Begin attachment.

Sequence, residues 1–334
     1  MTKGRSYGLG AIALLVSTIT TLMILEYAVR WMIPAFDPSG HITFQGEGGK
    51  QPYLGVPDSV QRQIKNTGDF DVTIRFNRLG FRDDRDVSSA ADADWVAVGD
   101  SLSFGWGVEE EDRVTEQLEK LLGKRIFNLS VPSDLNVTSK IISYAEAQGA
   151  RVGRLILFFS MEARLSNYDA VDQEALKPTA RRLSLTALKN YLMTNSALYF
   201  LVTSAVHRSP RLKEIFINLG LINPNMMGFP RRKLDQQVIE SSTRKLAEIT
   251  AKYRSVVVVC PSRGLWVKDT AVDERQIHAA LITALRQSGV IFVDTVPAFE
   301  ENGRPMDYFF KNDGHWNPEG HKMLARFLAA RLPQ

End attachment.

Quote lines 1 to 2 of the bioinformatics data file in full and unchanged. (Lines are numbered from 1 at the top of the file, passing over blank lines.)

Sequence, residues 1–334
     1  MTKGRSYGLG AIALLVSTIT TLMILEYAVR WMIPAFDPSG HITFQGEGGK